Another solution the farmers discussed was to sell off those late freshening cows as “milkers” when the farmer has gone seasonal, and then to buy cows from auctions or a sale barn the next spring when the vow is freshening at the proper time.
The “first solution” we followed having a bull in with the cows, another with the heifer for breeding. For the amount of cows that we have though, two bulls would be needed in the herd. We also continued with artificial breeding when possible.
The “second solution” of selling off cows if they were not bred back on time is not feasible for us. We have the registered Brown Swiss, and since it is not easy to replace them due to the limited number of Swiss in the country, we have to keep those that we have.
We discovered, as other farmers have, that having such a large amount of cows freshening in a short amount of time makes a labor intensive 2-3 month period. Your operation must be geared up to handle the rapidly expanding amount f work with cows and calves, versus being spread out over ten or twelve months.
An article carried in the Agri-view two weeks ago stated three of the four farmers interviewed for the story said at this time that were not going to repeat the try at seasonal herds because of problems encountered.
The “seasonal” dairying is definitely not suited to every farm; the option will have to be weighed carefully. One option that may work out for more farmers is having a “mostly” spring freshening herd, with some cows still freshening in summer or early fall. Currently, that is where we will be at.
On March 14-15, 1994 the Wisconsin Grazing Conference was held in Stevens Point. There were about 650 people registered in attendance at this two day conference from Wisconsin and neighboring states.
I was a presenter on the panel discussion group for “Seasonal Dairy”.
During my talk, I gave our farm history, and where we were headed. I was quite surprised at the amount of people interested in learning about our “bird house project”.
During 1994 we continued our practice of hosting tour groups when requested. There were two small groups, one in June and one in July, of young farmers from Germany, France and Switzerland, that were in the US on a five month tour program from their countries. We spent several hours walking over the pastures and discussing practices of grazing in the US and Europe.
In May of 1994 the Kindergarten class of St. Paul’s Lutheran school came for a “farm tour”.
In May 1993 the Brown Swiss Association came to our farm and filmed our grazing systems, with our comments on the Brown Swiss Breed for grazing, along with interviewing two other farmers in Conventional systems. The film was professional produced and is distributed world wide through the Brown Swiss Association.
Our field day was held on June 22, 1994. we felt it was very successful. There were about 70 people in attendance. Lunch was served from 12:15 to 1:00.
The hand out titled “Points of Interest” was discussed and explained on the yard before going out into the pasture for the actual pasture walk. As we walked through different sections, we referred back to the map and things happening in the area of the field.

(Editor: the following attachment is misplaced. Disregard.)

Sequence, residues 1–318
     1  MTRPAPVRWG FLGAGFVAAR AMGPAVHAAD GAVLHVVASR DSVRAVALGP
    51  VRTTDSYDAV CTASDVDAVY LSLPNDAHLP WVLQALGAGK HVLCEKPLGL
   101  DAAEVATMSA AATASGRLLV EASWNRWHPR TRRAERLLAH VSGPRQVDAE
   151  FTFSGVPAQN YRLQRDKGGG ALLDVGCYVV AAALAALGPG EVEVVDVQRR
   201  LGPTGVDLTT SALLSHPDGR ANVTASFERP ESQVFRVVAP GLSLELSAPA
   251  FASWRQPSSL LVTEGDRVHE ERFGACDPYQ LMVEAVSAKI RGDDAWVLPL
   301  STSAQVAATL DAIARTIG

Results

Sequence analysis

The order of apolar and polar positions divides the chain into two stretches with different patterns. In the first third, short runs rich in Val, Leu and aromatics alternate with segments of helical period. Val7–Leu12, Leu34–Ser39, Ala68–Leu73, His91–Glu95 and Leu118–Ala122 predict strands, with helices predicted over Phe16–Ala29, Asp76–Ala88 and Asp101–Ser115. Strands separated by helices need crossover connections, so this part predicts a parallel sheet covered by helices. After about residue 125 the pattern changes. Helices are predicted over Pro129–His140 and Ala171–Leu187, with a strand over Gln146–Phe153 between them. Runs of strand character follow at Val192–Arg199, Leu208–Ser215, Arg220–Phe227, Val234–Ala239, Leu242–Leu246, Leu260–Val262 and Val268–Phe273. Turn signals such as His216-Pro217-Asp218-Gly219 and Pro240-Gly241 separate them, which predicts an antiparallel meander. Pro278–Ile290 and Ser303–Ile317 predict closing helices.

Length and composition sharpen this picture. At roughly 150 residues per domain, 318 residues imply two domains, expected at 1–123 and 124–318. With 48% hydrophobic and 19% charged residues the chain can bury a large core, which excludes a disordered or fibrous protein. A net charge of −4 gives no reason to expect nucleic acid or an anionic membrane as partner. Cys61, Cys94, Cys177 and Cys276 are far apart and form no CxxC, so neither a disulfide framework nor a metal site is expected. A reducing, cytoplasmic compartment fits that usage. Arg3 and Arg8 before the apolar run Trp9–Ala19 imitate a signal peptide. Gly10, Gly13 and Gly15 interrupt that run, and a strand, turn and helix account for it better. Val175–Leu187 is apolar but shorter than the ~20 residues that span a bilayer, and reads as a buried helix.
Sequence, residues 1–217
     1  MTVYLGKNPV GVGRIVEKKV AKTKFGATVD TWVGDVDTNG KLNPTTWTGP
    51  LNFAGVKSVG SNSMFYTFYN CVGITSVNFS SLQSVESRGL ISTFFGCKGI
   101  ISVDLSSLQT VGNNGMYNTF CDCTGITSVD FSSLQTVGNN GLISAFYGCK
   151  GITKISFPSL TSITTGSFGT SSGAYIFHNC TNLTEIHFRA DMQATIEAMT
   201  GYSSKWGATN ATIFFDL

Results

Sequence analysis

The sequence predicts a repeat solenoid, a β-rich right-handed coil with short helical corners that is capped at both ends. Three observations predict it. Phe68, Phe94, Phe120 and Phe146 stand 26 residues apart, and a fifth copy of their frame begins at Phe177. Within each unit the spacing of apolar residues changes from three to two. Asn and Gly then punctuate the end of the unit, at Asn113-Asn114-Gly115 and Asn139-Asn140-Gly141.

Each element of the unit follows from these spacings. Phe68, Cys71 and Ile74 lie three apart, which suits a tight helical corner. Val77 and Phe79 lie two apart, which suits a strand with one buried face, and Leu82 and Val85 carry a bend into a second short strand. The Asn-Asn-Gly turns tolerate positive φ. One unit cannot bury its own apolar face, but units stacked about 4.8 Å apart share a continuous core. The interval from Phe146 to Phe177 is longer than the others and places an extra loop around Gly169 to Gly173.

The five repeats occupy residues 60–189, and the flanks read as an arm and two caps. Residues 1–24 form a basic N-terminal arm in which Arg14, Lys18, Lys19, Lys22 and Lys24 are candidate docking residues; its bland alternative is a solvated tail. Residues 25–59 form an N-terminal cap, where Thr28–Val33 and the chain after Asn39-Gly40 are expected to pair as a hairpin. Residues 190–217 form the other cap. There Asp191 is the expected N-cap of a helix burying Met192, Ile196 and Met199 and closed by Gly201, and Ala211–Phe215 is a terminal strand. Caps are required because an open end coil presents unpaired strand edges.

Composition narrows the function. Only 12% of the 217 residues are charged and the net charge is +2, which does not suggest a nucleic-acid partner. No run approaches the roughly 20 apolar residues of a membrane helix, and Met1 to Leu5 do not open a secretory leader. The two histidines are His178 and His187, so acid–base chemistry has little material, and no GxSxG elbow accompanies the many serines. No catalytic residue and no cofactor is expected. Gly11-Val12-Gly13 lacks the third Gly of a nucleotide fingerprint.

This handout seemed to be much appreciated and helpful to those in attendance.
Andy Hager, county agent for Taylor County commented to Myron at a grazing meeting last week, how impressed several of his members were at the way our “field day” was conducted, as well as by the layout and design of our grazing system.
One thing that would help improve “pasture walks” is a very light weight, portable speaker system which could be carried and used out in the pasture during the talk. With the large “numbers” of people in attendance, it becomes to difficult to hear the farmer making comments.
Myron and I will possibly be on the panel to discuss “Beginning Grazing” at the Wisconsin Grazing Conference which is being held in Stevens Point, February 19th through the 21st 1995. Speakers are currently being scheduled by Carl Fredricks.
SUMMARY AND CONCLUSIONS
When all the controlling factors are in place, a rotational grazing system produces milk at 1/3 to ½ the cost of conventional farming. Once a farm is past that construction/transition period it is easily only half as labor intensive as the conventional system.
Sustainable Agricultural practices carried out through rotational grazing, organic farming, will save millions of dollars, as well as million of hours of work eliminated on farms yearly nation wide.
After completing our third year in grazing, we recommend it to anyone interested.
The pasture walks, informal and formal meetings, along with the telephone have become an excellent avenue to encouragement, and give direction of other sources to seek help from.
Farmers have nothing to lose or gain by sharing their experiences, unlike information fed out over the years by machinery, chemical, drug and fertilizer companies, etc.
We are very appreciative of being chosen as one of the farms to receive this grant.
Most of our goals have been accomplished, “problems” identified, and the areas that still need attention will continue to be worked on.
The knowledge and experience has been shared with hundreds of people verbally, thousands through the newspaper.